Monday, February 8, 2021

A. J. Mackinnon

I discovered A.J. Mackinnon’s travel writing this holidays and loved both of his books. Mackinnon is an Australian high school teacher, mainly in English I think - I imagine if you had him as a teacher, you’d love whatever he taught. He had some of his childhood in Adelaide and is currently a teacher in the Victorian highlands. His writing is beautifully lyrical and descriptive as well as enjoyable and great fun.

The Well at the World’s End (2014) 

This enjoyable true diary is of Mackinnon’s travels from Australia to the Well at the World’s End on a remote Scottish Island around 1990. He decides to travel with virtually no plans and avoiding all air travel. So by yacht, train, bus, car, ship and ferry, he goes to New Zealand, back to Australia, up through Indonesia into Asia and onwards to Europe. He has a similar humorous and self deprecating style to Bill Bryson, but with more a lyrical, fantasy feel, and fewer reflections on culture. It’s a funny and enjoyable read, especially if you happen to have been to any of the numerous destinations he visits.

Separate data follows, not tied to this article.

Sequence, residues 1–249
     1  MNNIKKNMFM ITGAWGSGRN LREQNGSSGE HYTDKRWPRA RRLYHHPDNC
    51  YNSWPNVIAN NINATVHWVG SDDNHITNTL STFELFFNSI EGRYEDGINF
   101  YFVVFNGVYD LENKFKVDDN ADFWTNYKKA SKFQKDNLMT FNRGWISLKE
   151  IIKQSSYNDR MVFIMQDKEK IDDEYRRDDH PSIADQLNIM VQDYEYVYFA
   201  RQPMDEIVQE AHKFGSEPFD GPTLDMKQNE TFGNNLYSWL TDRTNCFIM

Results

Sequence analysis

The Unlikely Voyage of Jack de Crow (2002)

This one charts Mackinnon’s decision to sail a small dinghy from the English / Welsh border down to Bristol in 1998. Of course, the excitement and joy of the whole exercise, plus the encouragement of others, leads him to go back up the Bath River across the canals of England to London. Not satisfied with traversing that country, he crosses the English Channel, and heads across France, Germany and finally ends up in the Black Sea. It’s fantastic. This one I read with Google Maps open in satellite view next to me so I could see exactly where he had gone, not knowing enough specific geography of the area to manage without. 

Both are treasures to read — enjoyable, clever, insightful and just plain fun.

If you just want a taste, it’s worth listening to his two part interview on the podcast “Life in Flux” from Nov 2018. There are a few different details there, as well as some additional pondering on humanity and the impact of great literature. He is a big fan of Narnia, Lord of the Rings, Swallows and Amazons and Dr Doolittle, and all of these have impacted his views of life and his travels.

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